Eric Cantor falls hard from good graces of conservatives

Teetering from leadership post

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Conservatives are increasingly targeting House Majority Leader Eric Cantor, arguing that he has abandoned conservative principles and protesting his planned meeting with moderate and liberal Republicans.

Mr. Cantor, who just a few years ago was seen as a champion for conservatives in the House and a possible candidate to replace House Speaker John A. Boehner, now is viewed with suspicion, said Rep. Dana Rohrabacher, California Republican.


SEE ALSO: Eric Cantor pressured to skip conference by moderate GOP group


“I think that Boehner can survive the discontent that the tea party and the more conservative element of the Republican Party has, but I don’t think that is true of Cantor,” Mr. Rohrabacher told The Washington Times. “Boehner is not considered someone who is an active adversary. Cantor can be seen — on immigration and a lot of other things — as someone who is very resentful of what would be the patriot Republican right.”

Mr. Rohrabacher took it a step further by saying that members of the caucus could move to knock Mr. Cantor from his leadership post in the next Congress, even if Mr. Boehner has the votes to stay.

“A lot of people are looking around for a replacement for Cantor,” Mr. Rohrabacher said. “Eric is abrasive and is not as smooth at playing the political game as he needs to be to not be driven out of power.”

A Cantor aide brushed off some other conservative criticisms of his boss but declined to provide any comment on the record about Mr. Rohrabacher’s charge.

Not long ago, Mr. Cantor was seen as the heir apparent to Mr. Boehner, a conservative alternative to the Ohio Republican.

Last year, Mr. Boehner won 220 of the 232 Republican votes on his way to becoming House speaker. Mr. Cantor placed second among Republicans in the speaker vote, with the support of Reps. Jim Bridenstine of Oklahoma, Stevan Pearce of New Mexico and Ted S. Yoho of Florida.

On Wednesday, Mr. Yoho’s office did not respond to questions about whether he still supports Mr. Cantor, and spokesmen for Mr. Bridenstine and Mr. Pearce would not say whether their bosses plan to vote for him again.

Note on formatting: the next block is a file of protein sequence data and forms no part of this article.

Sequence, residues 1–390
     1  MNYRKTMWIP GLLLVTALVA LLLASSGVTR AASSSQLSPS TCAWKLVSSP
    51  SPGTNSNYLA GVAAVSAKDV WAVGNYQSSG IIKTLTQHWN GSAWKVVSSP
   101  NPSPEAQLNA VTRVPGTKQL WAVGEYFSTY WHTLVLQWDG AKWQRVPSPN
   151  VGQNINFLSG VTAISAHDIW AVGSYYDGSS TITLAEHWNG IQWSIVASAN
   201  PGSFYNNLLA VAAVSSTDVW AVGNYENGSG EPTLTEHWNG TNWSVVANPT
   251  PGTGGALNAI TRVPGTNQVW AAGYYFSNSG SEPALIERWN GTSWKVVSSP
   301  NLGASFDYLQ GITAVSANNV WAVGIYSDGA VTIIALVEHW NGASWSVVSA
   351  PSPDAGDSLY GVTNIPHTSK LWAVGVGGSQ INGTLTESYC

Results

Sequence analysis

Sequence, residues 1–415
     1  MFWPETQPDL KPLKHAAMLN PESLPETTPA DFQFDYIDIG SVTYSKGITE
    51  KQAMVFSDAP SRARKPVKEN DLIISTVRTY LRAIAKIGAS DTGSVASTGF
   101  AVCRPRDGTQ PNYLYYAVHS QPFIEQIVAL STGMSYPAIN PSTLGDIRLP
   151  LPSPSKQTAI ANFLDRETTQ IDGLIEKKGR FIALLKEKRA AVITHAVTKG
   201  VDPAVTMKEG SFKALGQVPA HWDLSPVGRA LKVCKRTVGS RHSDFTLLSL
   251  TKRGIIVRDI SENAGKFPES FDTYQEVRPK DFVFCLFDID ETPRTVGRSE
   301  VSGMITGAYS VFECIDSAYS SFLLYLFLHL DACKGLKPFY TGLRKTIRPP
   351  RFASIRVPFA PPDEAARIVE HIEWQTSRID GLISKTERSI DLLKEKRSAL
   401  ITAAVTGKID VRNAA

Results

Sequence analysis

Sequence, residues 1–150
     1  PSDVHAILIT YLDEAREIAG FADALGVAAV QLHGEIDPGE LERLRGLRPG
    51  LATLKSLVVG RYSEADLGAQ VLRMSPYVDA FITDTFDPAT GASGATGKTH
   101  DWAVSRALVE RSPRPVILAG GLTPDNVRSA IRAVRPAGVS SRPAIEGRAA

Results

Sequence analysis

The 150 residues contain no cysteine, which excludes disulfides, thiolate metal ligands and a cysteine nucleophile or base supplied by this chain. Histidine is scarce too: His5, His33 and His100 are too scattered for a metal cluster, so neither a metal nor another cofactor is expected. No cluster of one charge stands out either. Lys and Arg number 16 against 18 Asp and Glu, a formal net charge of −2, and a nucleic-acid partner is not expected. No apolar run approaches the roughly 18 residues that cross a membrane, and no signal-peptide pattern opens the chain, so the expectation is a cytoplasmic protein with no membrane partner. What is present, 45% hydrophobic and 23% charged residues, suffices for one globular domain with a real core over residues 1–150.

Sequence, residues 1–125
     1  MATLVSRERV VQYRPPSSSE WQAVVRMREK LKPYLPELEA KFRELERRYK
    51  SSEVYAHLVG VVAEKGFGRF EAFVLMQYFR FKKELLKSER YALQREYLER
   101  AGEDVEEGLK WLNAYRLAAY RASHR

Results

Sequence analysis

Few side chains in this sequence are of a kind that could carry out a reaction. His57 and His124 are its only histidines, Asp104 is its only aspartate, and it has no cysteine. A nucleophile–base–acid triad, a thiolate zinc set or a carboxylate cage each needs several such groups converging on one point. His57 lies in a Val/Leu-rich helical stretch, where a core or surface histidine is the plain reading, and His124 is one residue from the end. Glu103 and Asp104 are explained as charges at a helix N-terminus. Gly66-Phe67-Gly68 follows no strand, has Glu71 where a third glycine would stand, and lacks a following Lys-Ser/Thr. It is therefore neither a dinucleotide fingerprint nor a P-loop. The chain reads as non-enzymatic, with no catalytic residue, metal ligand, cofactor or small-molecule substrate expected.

Mr. Rohrabacher says he thinks Mr. Boehner may be forced to change any plans to step down at the end of his term once he realizes a transition to Mr. Cantor would not be easy.

Mr. Cantor, meanwhile, is coming under additional fire this week from L. Brent Bozell III, chairman of ForAmerica, who is calling on the Virginia Republican to turn down an invitation to attend a conference hosted by the Republican Main Street Partnership PAC, a group of moderate Republicans that regularly battles conservative groups in primary races.

“Aligning yourself with extreme opponents of the Republican Party would be an astonishing turn of events — with consequences,” Mr. Bozell said. “Mr. Leader: Don’t aid and abet sworn opponents of conservatives. If you do, it will cause irreparable damage.”

Mr. Boehner will not attend the event because of a scheduling conflict.

“If your position is that grassroots conservatives and Tea Party supporters no longer belong in the Republican Party then it will permanently destroy any credibility you have left with conservatives,” Mr. Bozell said. “Without conservatives, the GOP will also collapse.”

Mr. Bozell’s comments underscore the feud between some grass-roots groups and Republican leaders on Capitol Hill over spending and the national debt.

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